Under pressure from the Alberta government and the oil industry, the federal government purchased the existing Kinder Morgan pipeline. Trainor said it became obvious that Kinder Morgan had decided not to proceed with the required investment given economic uncertainty due to legal delays and dropping world oil prices.

“In terms of construction and making way for a new pipeline, in all aspects, this was the least impactful way in environmental terms of solving the problem of not having a way of getting [Canada’s] resources to new markets,”said Parliamentary Secretary to the Prime Minister for Youth Affairs Peter Schiefke. “This is important because we are losing anywhere from $7 to $15 billion a year, because the U.S. is buying our oil at a reduced cost—because they know we have no choice.”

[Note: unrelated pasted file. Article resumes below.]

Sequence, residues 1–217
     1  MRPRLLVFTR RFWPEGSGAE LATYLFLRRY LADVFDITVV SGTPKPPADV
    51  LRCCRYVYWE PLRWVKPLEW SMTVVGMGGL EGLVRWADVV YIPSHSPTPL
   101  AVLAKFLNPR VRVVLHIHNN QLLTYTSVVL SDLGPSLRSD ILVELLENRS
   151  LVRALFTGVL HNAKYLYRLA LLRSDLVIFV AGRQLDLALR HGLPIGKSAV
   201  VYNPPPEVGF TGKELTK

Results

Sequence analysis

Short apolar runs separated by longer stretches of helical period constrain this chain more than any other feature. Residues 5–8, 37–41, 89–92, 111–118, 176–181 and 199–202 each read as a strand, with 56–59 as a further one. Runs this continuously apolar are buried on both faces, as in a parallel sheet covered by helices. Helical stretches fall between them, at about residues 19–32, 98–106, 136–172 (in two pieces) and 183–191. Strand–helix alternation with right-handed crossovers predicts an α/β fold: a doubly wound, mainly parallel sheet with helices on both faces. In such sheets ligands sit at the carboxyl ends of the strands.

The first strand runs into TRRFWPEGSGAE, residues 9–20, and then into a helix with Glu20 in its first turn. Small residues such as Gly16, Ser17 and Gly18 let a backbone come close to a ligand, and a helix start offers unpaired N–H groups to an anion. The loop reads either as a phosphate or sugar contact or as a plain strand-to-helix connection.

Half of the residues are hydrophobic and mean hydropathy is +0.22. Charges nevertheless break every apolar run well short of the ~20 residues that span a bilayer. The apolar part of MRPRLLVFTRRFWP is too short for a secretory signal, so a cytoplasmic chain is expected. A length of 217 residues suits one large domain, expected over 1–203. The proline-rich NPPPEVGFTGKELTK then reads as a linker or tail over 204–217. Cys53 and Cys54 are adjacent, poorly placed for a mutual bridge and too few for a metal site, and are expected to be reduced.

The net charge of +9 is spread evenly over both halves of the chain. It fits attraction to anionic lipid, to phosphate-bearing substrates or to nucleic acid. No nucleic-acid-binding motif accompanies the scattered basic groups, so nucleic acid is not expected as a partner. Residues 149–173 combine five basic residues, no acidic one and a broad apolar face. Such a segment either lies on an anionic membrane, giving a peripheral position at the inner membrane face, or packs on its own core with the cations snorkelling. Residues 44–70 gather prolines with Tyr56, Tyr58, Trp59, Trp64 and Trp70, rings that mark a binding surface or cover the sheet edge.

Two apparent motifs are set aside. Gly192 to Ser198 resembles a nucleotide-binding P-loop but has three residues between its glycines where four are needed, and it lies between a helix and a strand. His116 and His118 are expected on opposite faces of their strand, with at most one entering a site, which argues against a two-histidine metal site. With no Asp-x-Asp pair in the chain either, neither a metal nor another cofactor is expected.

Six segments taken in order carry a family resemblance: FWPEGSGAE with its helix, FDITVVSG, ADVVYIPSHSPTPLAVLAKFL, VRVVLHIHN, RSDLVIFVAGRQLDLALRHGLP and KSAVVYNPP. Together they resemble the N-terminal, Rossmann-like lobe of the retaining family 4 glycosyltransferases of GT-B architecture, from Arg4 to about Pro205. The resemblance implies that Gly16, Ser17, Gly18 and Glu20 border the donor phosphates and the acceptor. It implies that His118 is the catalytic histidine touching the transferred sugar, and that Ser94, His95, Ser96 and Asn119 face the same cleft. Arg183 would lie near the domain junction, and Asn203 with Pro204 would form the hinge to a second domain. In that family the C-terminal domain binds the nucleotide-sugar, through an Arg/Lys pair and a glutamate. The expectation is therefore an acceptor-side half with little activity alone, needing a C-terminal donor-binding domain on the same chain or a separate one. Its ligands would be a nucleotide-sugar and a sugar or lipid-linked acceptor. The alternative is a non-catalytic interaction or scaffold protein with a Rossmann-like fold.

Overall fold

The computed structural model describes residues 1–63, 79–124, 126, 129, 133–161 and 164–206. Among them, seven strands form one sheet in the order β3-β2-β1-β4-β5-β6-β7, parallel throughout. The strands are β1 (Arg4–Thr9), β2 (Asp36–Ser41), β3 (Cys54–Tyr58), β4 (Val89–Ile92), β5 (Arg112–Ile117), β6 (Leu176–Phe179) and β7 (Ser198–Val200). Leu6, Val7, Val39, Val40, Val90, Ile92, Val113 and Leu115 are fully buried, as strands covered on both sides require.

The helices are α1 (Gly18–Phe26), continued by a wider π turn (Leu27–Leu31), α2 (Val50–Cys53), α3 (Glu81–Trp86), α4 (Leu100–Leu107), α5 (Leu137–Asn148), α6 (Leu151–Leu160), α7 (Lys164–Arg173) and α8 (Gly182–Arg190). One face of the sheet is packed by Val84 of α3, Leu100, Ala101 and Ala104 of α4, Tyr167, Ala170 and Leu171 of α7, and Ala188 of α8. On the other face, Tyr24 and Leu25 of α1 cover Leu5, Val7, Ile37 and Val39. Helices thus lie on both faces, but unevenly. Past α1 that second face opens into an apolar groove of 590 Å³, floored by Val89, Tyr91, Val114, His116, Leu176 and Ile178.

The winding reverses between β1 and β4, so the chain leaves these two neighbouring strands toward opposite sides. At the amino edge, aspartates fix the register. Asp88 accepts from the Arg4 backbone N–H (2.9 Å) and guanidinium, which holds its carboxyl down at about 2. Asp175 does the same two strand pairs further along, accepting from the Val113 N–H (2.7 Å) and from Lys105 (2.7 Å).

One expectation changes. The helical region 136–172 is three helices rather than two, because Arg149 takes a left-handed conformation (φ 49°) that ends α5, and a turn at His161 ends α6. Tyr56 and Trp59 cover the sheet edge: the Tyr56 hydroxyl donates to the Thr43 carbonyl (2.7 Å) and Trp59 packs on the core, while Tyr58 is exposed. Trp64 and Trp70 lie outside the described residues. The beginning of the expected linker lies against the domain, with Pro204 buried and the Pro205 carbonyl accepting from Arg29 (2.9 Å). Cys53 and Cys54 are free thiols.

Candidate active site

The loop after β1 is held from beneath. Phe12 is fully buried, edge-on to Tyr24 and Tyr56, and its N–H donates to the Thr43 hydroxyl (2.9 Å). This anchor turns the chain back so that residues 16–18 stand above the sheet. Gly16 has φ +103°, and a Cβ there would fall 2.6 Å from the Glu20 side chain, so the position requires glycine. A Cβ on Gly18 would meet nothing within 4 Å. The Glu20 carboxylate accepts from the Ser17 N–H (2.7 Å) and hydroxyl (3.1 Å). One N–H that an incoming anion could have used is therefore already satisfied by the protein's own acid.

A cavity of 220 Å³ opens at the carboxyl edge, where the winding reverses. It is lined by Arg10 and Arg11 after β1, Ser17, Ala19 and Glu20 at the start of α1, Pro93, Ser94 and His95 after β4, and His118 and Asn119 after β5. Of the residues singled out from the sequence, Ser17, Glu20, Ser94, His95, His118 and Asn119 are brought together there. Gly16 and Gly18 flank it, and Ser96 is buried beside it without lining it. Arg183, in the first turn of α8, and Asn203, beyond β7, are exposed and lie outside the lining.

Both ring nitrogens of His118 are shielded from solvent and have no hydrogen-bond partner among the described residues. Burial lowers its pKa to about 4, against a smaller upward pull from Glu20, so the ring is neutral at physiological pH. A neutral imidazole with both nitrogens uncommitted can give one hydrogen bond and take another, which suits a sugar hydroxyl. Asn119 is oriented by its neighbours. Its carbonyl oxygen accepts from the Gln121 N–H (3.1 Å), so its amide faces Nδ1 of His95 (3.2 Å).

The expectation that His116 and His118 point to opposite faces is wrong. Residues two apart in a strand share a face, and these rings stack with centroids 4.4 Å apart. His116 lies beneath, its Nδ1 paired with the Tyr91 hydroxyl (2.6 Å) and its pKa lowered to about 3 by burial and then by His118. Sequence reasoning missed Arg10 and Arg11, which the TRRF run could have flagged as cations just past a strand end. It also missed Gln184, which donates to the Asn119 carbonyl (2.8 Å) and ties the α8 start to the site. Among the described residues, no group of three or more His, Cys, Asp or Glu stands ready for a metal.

“Not only did the Liberals spend $4.5 billion of taxpayers’ money buying a pipeline that a private company wanted to build without a single tax dollar, but they failed in the negotiations, spending a billion more than the Independent Parliamentary Budget Officer [Yves Giroux] had estimated,” said Luc Berthold, Mégantic-l’Érable MP for the Conservative Party.

“The Liberals have no plan for expansion, and each year of delay increases the costs by hundreds of millions of dollars.”